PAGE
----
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How to Recover from Emotional Trauma

Extreme stress can impact all areas of life. When stressful events undermine someone’s feelings of basic safety and security, a person can experience emotional trauma. The result is a feeling of helplessness, constant danger, unworthiness, and many other serious emotions which have effects throughout the person’s entire life.

Sufferers of emotional, or psychological, trauma often struggle with negative internal thoughts, loss of sense of self, bad memories, and relentless anxiety. Trauma impacts their ability to form and sustain meaningful relationships, find fulfilling work, and function on a daily basis. While the effects of emotional trauma are far-reaching, there is hope. By seeking out help and support, an individual can heal and reclaim their life.


What Is Emotional Trauma?

Emotional, or psychological, trauma differs from physical trauma, which is the name for a serious injury to the body. Emotional trauma may not leave a visible mark, but it affects a person’s emotions and behaviors in all areas of their life.

Traumatic events can make a person feel unsafe, overwhelmed, and isolated from their family, friends, and peers. A single experience such as a violent attack, accident, or serious injury can cause emotional trauma. Common life experiences including the end of a significant relationship, the death of a loved one, or a deep disappointment also have the potential to trigger emotional trauma. Other times, the cause is related to ongoing stress, such as living in a bad neighborhood, dealing with a serious illness, repeated bullying, or childhood neglect.

Essentially, emotional trauma is the lasting emotional response an individual has to a frightening or stressful event or series of events. It’s important to remember trauma is highly subjective, so it’s more important to focus on the reaction of the individual than the trigger. Events that can cause lasting trauma in a person vary a great deal.

Signs of Emotional Trauma in Adults

There are some common signs that indicate a person may be experiencing emotional trauma. These symptoms may be cognitive, behavioral, physical, or psychological. Learning to recognize what happens to the body and mind of a traumatized individual is a good tool to understand and identify trauma. Symptoms present differently for everyone, but there are some distinct characteristics to look out for. Emotional and psychological symptoms include:

  • Intrusive thoughts
  • Denial
  • Fear
  • Mood swings and angry outbursts
  • Feelings of guilt or shame
  • Detachment from people
  • A distinct lack of interest in activities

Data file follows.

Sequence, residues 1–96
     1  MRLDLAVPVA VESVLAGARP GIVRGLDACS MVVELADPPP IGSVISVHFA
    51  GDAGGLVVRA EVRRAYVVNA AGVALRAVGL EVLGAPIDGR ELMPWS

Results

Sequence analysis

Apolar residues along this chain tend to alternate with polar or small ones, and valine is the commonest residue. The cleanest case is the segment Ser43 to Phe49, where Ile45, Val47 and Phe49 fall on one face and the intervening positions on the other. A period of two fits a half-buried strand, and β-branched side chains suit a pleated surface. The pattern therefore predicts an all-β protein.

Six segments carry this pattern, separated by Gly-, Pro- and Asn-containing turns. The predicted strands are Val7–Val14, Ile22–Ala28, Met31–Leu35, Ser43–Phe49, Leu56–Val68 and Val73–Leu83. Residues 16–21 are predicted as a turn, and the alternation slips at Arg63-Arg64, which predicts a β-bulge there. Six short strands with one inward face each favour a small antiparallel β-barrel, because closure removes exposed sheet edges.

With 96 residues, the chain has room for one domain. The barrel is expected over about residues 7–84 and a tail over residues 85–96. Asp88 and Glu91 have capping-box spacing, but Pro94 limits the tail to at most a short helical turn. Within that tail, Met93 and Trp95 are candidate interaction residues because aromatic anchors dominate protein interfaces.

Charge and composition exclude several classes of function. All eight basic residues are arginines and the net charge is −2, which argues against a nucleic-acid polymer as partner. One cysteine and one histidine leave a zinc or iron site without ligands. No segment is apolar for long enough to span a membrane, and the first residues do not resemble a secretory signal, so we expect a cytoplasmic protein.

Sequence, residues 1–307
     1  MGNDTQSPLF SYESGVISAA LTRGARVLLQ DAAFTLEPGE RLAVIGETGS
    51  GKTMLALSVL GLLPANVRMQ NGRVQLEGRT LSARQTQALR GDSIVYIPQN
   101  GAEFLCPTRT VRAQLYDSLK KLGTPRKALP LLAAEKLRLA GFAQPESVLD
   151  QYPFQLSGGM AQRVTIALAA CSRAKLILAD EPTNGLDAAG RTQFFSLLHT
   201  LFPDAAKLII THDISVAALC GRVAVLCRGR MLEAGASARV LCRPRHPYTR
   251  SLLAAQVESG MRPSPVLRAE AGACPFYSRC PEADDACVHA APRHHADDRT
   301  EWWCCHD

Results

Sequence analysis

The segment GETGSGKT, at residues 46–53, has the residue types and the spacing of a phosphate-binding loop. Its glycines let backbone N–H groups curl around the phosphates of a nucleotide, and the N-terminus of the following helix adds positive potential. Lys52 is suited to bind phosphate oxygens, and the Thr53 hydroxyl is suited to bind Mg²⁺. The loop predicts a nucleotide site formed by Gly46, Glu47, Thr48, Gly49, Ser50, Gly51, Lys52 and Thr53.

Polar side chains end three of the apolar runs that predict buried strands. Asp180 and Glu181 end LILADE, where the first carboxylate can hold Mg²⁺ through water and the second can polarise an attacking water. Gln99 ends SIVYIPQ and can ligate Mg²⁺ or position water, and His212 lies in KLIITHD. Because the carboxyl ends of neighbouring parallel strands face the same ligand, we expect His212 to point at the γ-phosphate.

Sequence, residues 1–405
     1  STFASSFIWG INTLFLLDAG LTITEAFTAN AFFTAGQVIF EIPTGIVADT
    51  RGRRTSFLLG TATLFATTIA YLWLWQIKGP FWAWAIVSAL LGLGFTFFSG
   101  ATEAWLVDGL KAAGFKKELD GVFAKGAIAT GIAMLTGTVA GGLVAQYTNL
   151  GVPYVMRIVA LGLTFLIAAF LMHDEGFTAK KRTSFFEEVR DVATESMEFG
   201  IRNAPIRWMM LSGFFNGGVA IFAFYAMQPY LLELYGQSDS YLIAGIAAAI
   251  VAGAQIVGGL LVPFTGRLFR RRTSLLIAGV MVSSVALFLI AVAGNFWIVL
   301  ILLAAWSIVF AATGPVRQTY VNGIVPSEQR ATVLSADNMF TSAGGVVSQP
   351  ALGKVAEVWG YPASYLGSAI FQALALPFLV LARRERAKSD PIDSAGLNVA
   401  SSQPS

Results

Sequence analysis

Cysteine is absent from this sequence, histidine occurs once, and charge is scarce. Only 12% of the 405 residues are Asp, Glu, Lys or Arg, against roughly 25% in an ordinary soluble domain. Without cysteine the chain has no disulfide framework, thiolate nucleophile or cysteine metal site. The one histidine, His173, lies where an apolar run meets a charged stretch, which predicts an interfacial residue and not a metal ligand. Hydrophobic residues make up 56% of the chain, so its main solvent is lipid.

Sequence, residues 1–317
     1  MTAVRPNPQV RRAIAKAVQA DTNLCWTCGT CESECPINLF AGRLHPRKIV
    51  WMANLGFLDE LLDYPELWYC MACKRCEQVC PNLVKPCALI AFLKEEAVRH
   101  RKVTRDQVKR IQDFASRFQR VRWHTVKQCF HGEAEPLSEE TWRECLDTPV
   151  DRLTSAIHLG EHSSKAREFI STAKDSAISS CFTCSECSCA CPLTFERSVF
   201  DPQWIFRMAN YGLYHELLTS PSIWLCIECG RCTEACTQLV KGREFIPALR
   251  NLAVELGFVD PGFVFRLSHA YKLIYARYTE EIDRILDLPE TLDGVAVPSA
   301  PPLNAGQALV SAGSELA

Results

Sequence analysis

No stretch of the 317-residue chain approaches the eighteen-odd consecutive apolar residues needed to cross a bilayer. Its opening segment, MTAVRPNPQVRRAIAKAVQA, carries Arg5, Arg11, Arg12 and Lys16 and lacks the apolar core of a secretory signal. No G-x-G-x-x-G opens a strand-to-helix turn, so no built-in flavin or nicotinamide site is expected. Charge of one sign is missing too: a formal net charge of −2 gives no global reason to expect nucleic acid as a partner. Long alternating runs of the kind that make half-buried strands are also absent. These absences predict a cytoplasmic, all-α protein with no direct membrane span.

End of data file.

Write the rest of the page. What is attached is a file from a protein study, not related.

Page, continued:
• Anxiety, depression, or panic attacks

Physical indicators of emotional trauma in an individual may include the following:

  • Nightmares
  • Memory loss
  • Fatigue
  • Trouble sleeping
  • Difficulty concentrating
  • Changes to appetite
  • Racing heartbeat
  • Muscle tension or aches
  • Edgy and easily startled
  • Nausea
  • Dizziness
  • Gastrointestinal issues

This list is not comprehensive, as all sufferers respond differently. Symptoms can also vary in strength and frequency. An individual suffering from emotional trauma may be in a constant state of hypervigilance. Another indication of having adverse reactions to stress is staying locked in a pattern of fight, flight, freeze, or fawn. Trauma that goes untreated can lead to further concerns such as dissociative disorders, PTSD, and substance abuse.


How to Recover from Emotional Trauma

No one has to resign themselves to living with the effects of trauma. It is possible to heal and move beyond it. There are numerous ways to approach trauma recovery. The most important thing is for the individual to try several options until they find the method that resonates with them so they can start to recover.


Lean on Family and Friends for Support

Two of the best approaches for healing from trauma are first, for the individual to find someone they trust to lean on, and, second, to avoid further isolation.

The individual can choose to talk about the trauma or focus on other topics. What is helpful for one person may make the trauma worse for another. Support groups for people coping with trauma can be a source of comfort where the individual can learn techniques to help their own healing journey and remember they are not alone.

A common symptom of emotional trauma is social isolation, but this can make the situation worse. Connections with others are healing, so encourage trauma survivors to nurture their relationships and refrain from spending all of their time alone.